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Engineering students get hands-on for cycling land speed record attempt

Posted 4 November

Projects such as these allow our students to put their theoretical knowledge to the test and gives them an edge when it comes to finding employment. Their real-world applied engineering is a fantastic case study to take to potential employers

Engineering students at Harper Adams have a client with a difference for one of their real-world projects this year – as they attempt to design and build equipment that will be used in a bid to set a new cycling land speed record in 2021.


Despite adverse weather conditions, British cyclist Neil Campbell reached a top speed of 174.3mph at Elvington Airfield in Yorkshire in August 2019, setting a new men’s cycling land speed world record – but he now has his sights firmly set on the outright world record, attempting a top speed of 200mph. Harper Adams University lecturer and aerodynamics engineer James Croxford, who supported the 2019 record, has enlisted the help of four MEng Automotive Engineering students, Emily Jones, James Seymour, Martin Campbell and Will Mosley, to design an aerodynamic ‘slipstreaming’ shelter to protect Neil, for their group research project.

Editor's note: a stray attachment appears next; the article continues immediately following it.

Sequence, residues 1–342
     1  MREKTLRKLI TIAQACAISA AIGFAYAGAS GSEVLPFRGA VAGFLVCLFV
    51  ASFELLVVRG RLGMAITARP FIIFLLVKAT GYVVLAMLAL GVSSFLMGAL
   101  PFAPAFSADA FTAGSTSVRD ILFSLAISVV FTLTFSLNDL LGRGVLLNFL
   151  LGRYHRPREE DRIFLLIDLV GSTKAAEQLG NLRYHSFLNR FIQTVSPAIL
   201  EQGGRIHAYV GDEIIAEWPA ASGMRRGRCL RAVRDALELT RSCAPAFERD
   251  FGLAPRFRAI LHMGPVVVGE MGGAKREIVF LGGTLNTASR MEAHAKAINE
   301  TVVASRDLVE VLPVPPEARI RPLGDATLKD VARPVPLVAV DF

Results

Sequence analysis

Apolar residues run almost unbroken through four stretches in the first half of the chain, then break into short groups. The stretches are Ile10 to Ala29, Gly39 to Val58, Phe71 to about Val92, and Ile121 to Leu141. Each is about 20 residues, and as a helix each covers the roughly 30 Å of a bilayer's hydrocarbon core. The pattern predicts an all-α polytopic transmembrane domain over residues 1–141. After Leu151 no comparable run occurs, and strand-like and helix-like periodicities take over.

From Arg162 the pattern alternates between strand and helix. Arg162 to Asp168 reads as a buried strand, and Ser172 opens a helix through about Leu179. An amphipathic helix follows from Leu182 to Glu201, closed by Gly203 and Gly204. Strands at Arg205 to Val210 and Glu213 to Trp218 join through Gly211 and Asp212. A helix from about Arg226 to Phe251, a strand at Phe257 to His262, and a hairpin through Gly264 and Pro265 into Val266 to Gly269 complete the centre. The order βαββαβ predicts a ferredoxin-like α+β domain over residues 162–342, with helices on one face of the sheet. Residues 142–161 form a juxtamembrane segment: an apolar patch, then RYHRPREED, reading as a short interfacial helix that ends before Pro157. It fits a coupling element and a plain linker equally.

Neil’s custom-built bike will be tethered via bungee to a car which, due to the high gearing on the bike, will pull him off the line before he is disconnected and begins to pedal. The design of the slipstream shelter will be integral to the project, offering a stable air pocket to Neil while he attempts the world record.

“For the project, the students have to work with their client and negotiate their deliverables,” explained James.


“A significant percentage of their final mark comes directly from their client, so they gain real experience of what it is like to work in industry. The students will have to look at a number of different components, and go through a rigorous testing process, using both key software simulations and physical testing to ensure the safety and efficiency of the end design.


“Projects such as these allow our students to put their theoretical knowledge to the test and gives them an edge when it comes to finding employment. Their real-world applied engineering is a fantastic case study to take to potential employers”, he added.


The date for the new land speed world record has not yet been set, but it is anticipated that it will be late summer 2021.

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